A man finds a severed bull’s head and flees from the worms crawling in its rotten cranium. Dead in Vinland is a management/survival RPG in which you’re tasked with leading a family of exiled vikings as they attempt to keep themselves alive and sane in a strange new land. Strange is the operative word, and in between managing resources and relationships, you’ll be dealing with all kinds of oddities.
Sometimes it’s weird and wonderful, but sometimes it’s a low-brow parade of weak jokes that don’t fit the setting. Through it all, there are interesting choices to be made though.
Here are three short stories that capture the breadth of my experiences in this mead-soaked survival sim.
Knut, a blacksmith with arms as thick as tree trunks and a literal tree trunk for a wooden leg, is the man who discovers that severed bull’s head. He lifts the head up, and while inspecting it, notices dozens of worms crawling up his forearms. The gruff, bearded viking fails his courage check, drops the rotting head, and runs back to camp, shrieking in terror.
Flame-haired Welsh warrior Blodeuwedd, whilst scavenging on a nearby beach, finds some clothes hanging from a laundry line. After gathering up the grotty garments, she discovers a fetid pile of mud and maggots. She blows chunks all over herself, gains the ‘stinky’ trait, and takes a penalty to charisma. Apparently, no-one wants to talk to her now she’s coated in vomit.
Blodeuwedd’s sister Moira is near-suicidal with depression. While exploring the woods, she finds a tree coated in sticky sap. Tasting the sap, she’s overwhelmed with a euphoric sugar high. Her spirits lifted from the High-fructose ent syrup, she decides to gather some for the camp. On her way back, she stumbles, spills the sap, becomes severely depressed again, and takes her own life. This tragedy destroys the family, losing me the game. Believe it or not, this is only the second worst thing that’s happened to me involving tree sap.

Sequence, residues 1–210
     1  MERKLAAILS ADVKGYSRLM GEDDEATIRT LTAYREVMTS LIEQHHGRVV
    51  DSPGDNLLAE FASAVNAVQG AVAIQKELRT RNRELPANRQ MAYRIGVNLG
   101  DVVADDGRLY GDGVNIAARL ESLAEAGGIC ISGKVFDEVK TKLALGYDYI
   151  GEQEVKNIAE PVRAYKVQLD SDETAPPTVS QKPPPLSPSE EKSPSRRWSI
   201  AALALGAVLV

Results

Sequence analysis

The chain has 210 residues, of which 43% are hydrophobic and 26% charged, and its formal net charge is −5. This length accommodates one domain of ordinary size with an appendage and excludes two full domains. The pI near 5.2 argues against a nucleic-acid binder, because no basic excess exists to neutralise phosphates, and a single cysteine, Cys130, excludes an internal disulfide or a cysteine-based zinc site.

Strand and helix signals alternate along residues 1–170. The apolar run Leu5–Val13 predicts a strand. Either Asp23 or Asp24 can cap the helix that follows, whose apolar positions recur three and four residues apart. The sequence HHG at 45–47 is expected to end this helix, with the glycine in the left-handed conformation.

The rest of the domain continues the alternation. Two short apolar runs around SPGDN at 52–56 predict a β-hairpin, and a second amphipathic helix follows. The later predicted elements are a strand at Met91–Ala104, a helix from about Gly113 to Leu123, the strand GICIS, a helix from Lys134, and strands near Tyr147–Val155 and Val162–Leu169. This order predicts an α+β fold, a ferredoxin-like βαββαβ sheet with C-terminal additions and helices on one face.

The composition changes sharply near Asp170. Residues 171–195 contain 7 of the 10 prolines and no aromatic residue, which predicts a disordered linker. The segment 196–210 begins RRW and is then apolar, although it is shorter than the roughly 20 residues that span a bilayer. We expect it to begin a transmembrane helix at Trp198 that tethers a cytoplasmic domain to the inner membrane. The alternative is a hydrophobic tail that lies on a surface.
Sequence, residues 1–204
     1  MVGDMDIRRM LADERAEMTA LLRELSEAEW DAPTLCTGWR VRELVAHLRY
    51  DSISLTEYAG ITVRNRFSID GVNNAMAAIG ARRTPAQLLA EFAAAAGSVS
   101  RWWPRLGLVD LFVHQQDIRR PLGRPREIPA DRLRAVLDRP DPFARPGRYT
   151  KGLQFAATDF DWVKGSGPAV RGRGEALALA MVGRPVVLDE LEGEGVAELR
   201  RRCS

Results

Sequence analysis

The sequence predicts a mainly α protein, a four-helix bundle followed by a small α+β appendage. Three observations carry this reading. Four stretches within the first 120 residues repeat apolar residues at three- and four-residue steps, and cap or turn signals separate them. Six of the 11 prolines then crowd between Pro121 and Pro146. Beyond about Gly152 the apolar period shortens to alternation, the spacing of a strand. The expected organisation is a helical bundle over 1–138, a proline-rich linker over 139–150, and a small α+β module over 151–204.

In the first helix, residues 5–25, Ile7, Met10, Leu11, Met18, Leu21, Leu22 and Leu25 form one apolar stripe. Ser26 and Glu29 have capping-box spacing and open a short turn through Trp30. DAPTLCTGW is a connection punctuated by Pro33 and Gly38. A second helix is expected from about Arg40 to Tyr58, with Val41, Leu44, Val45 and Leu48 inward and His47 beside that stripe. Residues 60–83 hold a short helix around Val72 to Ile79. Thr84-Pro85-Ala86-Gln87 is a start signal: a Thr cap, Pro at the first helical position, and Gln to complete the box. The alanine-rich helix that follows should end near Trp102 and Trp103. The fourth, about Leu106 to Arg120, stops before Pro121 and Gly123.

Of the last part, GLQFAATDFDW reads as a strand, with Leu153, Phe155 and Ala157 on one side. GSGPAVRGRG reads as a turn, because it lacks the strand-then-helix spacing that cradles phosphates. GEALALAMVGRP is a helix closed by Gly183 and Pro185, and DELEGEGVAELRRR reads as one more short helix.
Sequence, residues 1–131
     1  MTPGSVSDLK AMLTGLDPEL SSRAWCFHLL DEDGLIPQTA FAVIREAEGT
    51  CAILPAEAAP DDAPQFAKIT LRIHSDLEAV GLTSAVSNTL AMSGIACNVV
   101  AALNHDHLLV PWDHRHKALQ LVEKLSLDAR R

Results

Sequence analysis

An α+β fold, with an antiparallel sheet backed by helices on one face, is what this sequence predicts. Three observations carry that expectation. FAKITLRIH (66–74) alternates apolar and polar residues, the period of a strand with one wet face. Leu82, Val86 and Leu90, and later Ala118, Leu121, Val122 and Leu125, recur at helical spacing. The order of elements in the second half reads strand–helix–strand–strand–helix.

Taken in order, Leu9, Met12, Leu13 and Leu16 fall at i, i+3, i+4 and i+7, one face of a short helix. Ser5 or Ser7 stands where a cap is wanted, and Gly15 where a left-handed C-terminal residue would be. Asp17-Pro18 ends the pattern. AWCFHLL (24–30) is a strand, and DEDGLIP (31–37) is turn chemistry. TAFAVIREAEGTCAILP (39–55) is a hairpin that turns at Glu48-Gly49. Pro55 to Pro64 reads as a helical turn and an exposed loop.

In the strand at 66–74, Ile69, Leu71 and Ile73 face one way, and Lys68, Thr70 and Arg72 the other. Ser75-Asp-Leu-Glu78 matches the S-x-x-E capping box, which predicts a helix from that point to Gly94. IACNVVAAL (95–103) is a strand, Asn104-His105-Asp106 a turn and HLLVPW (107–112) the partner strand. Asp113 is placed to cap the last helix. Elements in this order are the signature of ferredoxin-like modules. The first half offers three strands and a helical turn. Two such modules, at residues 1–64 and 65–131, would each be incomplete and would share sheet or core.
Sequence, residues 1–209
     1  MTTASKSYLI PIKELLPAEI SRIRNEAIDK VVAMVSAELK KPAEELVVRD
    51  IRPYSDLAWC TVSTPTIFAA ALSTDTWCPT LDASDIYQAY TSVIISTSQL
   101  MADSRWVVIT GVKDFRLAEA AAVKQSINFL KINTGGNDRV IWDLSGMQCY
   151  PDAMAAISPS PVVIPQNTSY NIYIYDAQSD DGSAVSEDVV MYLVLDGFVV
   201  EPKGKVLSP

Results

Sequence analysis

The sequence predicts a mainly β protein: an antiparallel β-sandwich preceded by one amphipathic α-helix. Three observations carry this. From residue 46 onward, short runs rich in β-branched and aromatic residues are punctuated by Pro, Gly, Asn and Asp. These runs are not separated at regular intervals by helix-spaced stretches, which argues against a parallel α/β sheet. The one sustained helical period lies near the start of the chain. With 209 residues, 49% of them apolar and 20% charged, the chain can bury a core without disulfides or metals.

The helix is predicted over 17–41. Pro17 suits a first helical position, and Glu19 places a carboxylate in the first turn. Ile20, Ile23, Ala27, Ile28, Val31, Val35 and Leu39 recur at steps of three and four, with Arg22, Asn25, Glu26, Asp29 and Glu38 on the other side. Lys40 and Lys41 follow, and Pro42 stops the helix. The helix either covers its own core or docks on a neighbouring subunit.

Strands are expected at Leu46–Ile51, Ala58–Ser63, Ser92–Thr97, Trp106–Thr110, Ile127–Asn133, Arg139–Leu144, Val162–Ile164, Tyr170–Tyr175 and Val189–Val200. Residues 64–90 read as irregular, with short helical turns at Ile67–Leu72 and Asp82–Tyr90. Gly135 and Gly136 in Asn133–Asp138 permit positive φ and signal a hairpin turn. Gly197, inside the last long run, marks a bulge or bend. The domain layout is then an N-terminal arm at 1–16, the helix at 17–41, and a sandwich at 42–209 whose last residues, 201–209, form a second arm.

When it comes to storytelling, Dead in Vinland weaves wonders with a few strange scenarios and some skill checks. The character traits your shipwrecked Viking family begin the game with, as well as the ones they gain along the way, come to define their arcs and personalities, offering up funny and tragic vignettes that vary on each playthrough.
This is fortunate because, despite attempts to spin a grand yarn of love and betrayal, of gods and monsters and magic, a lot of the actual writing ranges from goofy to completely tone deaf. There’s mythology, sure, but there’s also catty love rivalry, dick jokes, flat stereotypes, and some oddly modern phrasing (“Check it out, Odin!”). Low-fantasy can be great for humanising characters when done well, but the result here is less Prose Edda, more Love Island.
Strangely enough, this blend of reality show banter and folklore can sometimes work. Early on, your camp is assaulted by the loveable Björn Headcleaver, who pokes you all repeatedly with a sharp axe and demands a weekly tribute of your precious resources. Since it’s already a struggle to keep everyone alive without giving Björn your berries, rope, or whatever else he’s decided he wants that week, I often came up short. One week, Björn’s donkey-riding, fly-covered emissary Elof decided that he’d waive the tribute if Blodeuwedd and Eirik’s outspoken teenage daughter Kari could eat mud without throwing up. The ensuing constitution checks were infused with emotional weight, as Kari forced down mouthfuls of mud to protect her family, refusing to give Elof the satisfaction of complaint.
Moments like that stuck with me. And then I found an ancient relic that told me that my mum smells like a cave troll.
This might come across as the sort of marriage between fantasy and humour that something like Divinity: Original Sin achieved so well, but these elements often feel at odds with each other. For every tense survival story, there’s a knife-wielding enemy inventively titled ‘knives guy’, or an attack called ‘come at bro’. You can look at Eirik’s character sheet, and find out how permanent back pain prevents him from harvesting effectively. You could even think about how this small, throwaway trait might contribute to his morose nature, how he constantly feels like a burden to his family, and marvel at this subtle storytelling. Then you might recruit Shanaw; a bone-wielding “Wild Girl” whose dialogue and demeanour is a mess of tribal cliches. Or happen across an exchange between Blodeuwedd and an exoticised Arabian dancer named Parvaneh, where Blodeuwedd’s martial prowess is reduced to that of a jealous lover as Parvaneh huddles up to Eirik for protection.